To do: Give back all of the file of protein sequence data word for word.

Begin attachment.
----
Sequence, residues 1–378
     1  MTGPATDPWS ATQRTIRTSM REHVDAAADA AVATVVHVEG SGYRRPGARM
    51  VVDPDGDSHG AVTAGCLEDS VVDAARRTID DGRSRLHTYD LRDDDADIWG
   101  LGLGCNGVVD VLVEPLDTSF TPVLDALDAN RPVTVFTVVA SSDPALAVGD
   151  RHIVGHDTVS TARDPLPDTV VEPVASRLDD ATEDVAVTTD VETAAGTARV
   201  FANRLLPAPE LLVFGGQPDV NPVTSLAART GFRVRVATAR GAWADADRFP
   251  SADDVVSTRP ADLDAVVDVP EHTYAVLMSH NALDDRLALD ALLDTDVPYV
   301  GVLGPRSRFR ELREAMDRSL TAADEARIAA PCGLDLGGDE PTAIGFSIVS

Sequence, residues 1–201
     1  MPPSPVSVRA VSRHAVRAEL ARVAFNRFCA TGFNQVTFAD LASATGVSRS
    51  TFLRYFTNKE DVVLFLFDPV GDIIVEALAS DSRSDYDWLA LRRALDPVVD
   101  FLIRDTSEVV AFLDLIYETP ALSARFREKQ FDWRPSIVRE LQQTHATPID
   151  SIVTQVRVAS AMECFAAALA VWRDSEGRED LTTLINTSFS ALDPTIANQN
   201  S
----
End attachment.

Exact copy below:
Sequence, residues 1–378
     1  MTGPATDPWS ATQRTIRTSM REHVDAAADA AVATVVHVEG SGYRRPGARM
    51  VVDPDGDSHG AVTAGCLEDS VVDAARRTID DGRSRLHTYD LRDDDADIWG
   101  LGLGCNGVVD VLVEPLDTSF TPVLDALDAN RPVTVFTVVA SSDPALAVGD
   151  RHIVGHDTVS TARDPLPDTV VEPVASRLDD ATEDVAVTTD VETAAGTARV
   201  FANRLLPAPE LLVFGGQPDV NPVTSLAART GFRVRVATAR GAWADADRFP
   251  SADDVVSTRP ADLDAVVDVP EHTYAVLMSH NALDDRLALD ALLDTDVPYV
   301  GVLGPRSRFR ELREAMDRSL TAADEARIAA PCGLDLGGDE PTAIGFSIVS

Sequence, residues 1–201
     1  MPPSPVSVRA VSRHAVRAEL ARVAFNRFCA TGFNQVTFAD LASATGVSRS
    51  TFLRYFTNKE DVVLFLFDPV GDIIVEALAS DSRSDYDWLA LRRALDPVVD
   101  FLIRDTSEVV AFLDLIYETP ALSARFREKQ FDWRPSIVRE LQQTHATPID
   151  SIVTQVRVAS AMECFAAALA VWRDSEGRED LTTLINTSFS ALDPTIANQN
   201  S